So why was I bothered?

To this day, the sound of their singing is as freshly sutured into my mind as if I’d been with them just yesterday. It was the most magnificently raw sound I’ve ever heard. They were searching for “One Clear Voice” amid a world of turmoil. They’d established a lifestyle entirely centered around preserving and heeding that Voice.

So why did their voices both enchant…and haunt me?

They seemed so happy; were they happy?

Was I?

A summer storm did roll in, later that day. My companion and I returned home, waved goodbye to Laura, prepared for bed, said goodnight, and knelt to pray. Jealous of  my already-unconscious companion’s steady breath, I knelt in the darkness alone. Slowly, I began untangling my thoughts by thanking the Lord for the experiences of the day. Tentatively, I prayed that someday we would understand. I wasn’t sure who “we” was, but the identity of a Christian woman has always been slippery, vague. Indisputably, there is joy in the life of a mother, a sister, a believer. But I couldn’t help but wonder whether, like the golden sea of wheat—planted, raised, and hewn for consumption, year after year—it didn’t matter how rich a soil was, if the harvest was always the same.

Were roots for stability? Or immobility?

This cloud of consternation followed me into bed, rumbling, unsettling. Someday, I thought, staring up at the ceiling, someday. I didn’t know what it meant, but it felt fitting.

I closed my eyes, listening to the thunder above, and all of a sudden—blessedly—it began to rain.


Ever since she could hold a pencil, Celisa has loved to write everything from poetry to essay. She currently works as a content writer and will graduate this spring with a degree in Professional Writing. Her husband is the joy of her life, and everything they dream of together revolves around a future family.

A Car Ride, Beastie Boys, and John Lennon’s Ghost

by Evie Darrington

"riot grrrl!" by Evie Darrington
“riot grrrl!” by Evie Darrington



Count of 15 on the beat keeping time, head nodding and finger tapping—

Your cup holders carry expired coupons, the dented tiara from when you were crowned prom princess (you swear you ran as a joke), and those tinted circle hippie glasses, the ones with the scratched lenses from when we went as John Lennon (and not his ghost, mind you) and Yoko Ono to that one dinner with the family with the boy with freckles that I talk about too much. You wouldn’t let me put you in that dingy bed sheet because you said you looked too much like Jesus. The ghost of John Lennon frowns down disapprovingly from heaven (or hell? Satan has yet to claim rock and roll as his own), clutches the still-bleeding bullet hole in the center of his chest, adjusts his wire-framed glasses and decrees that dressing like him is in fact offensive, and maybe a little sinister. Even if you’re using a seemingly harmless bed sheet to do it.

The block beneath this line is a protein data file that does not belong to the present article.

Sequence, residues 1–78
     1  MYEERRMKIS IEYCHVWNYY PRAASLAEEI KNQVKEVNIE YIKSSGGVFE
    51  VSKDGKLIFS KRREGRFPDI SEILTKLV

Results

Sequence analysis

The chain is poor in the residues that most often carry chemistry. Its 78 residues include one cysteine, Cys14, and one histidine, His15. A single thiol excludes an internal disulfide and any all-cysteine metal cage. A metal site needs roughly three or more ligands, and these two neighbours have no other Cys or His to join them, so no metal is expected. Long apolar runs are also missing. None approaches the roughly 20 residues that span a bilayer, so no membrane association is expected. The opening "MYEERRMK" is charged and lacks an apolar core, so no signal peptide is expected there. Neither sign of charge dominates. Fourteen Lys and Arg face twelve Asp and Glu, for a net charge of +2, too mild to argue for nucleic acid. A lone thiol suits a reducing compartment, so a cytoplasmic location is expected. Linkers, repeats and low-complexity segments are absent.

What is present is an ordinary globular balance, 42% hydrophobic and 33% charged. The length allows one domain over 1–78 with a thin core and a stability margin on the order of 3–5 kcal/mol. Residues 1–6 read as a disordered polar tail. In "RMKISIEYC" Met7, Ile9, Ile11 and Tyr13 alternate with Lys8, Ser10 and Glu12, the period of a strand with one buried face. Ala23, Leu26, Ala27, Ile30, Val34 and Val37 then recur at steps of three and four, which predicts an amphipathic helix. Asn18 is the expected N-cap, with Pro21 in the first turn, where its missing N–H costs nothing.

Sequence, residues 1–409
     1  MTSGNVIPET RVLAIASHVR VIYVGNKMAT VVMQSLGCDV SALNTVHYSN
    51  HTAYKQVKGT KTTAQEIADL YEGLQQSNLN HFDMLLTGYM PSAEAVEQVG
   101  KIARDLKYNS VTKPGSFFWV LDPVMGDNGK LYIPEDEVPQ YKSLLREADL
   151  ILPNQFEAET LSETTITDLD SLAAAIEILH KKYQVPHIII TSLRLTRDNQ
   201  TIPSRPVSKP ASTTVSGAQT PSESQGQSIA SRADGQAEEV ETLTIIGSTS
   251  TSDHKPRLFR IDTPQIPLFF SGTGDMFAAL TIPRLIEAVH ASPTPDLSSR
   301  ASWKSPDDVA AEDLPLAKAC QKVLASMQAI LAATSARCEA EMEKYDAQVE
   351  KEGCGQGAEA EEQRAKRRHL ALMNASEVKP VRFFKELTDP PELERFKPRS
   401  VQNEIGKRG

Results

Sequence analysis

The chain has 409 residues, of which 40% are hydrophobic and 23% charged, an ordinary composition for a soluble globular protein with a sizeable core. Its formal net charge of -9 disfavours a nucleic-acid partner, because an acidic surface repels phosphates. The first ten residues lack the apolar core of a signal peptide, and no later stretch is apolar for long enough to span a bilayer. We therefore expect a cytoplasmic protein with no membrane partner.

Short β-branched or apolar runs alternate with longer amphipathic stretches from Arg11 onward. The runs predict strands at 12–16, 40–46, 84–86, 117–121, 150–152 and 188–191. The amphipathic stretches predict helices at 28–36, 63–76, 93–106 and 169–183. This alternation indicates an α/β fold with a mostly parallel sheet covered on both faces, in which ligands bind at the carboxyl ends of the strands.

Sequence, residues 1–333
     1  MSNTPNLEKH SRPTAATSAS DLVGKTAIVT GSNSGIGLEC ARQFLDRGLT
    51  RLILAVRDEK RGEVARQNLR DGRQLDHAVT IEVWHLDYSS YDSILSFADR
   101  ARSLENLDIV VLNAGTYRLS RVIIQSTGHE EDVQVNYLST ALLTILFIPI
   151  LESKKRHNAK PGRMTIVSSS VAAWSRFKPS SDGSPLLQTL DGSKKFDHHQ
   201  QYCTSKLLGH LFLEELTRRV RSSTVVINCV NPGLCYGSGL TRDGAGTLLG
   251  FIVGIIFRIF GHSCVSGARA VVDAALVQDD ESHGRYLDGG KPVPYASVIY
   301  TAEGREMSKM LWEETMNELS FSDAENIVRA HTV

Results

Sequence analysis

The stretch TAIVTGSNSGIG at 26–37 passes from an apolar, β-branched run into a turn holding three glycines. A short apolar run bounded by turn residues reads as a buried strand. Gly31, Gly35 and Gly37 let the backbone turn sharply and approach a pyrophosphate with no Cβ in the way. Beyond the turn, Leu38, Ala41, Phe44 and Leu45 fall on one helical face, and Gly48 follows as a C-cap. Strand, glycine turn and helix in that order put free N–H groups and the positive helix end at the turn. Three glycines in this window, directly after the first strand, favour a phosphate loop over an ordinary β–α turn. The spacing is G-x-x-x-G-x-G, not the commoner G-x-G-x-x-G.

The crimson patches in your cheeks, red like freshly-scraped knees or premature rebellion. The boys are especially loud tonight; Mike D. sounding brassy, MCA a little brash, and Ad-Rock bold. I savor the bite of each new verse and swallow. 

And these days are cherry-scented chap stick flavored, like the beat up lipsmackers from the seventh grade that I have at home crammed in the very back of my desk drawer behind the three different pairs of tangled earbuds and the stupid love poems I wrote about you-know-who. I got a haircut and chopped it short short—it slashes off at about my chin in a straight blunt line, but it isn’t like the time Dad buzzed my head in the kitchen of our old house and the collar of my hand-me-down pj shirt itched red-hot with short shorn hairs for weeks. The dull dim years of high school whisk out of sight on this canyon road and ahead is crisp and shiny and brand new. My head hangs a couple feet above the rushing highway; I stare up at the expanse of sky and the tiny pinpoint of stars, stretch my arms out and inhale the vast mountains in cool shadow looming overhead. I breathe it all in until my lungs ache with icy pine-stained wind and try to reason with it to stay for as long as possible—thirty seconds, sixty seconds. The song ends, the boys never making it to Brooklyn. A minute thirty. I exhale.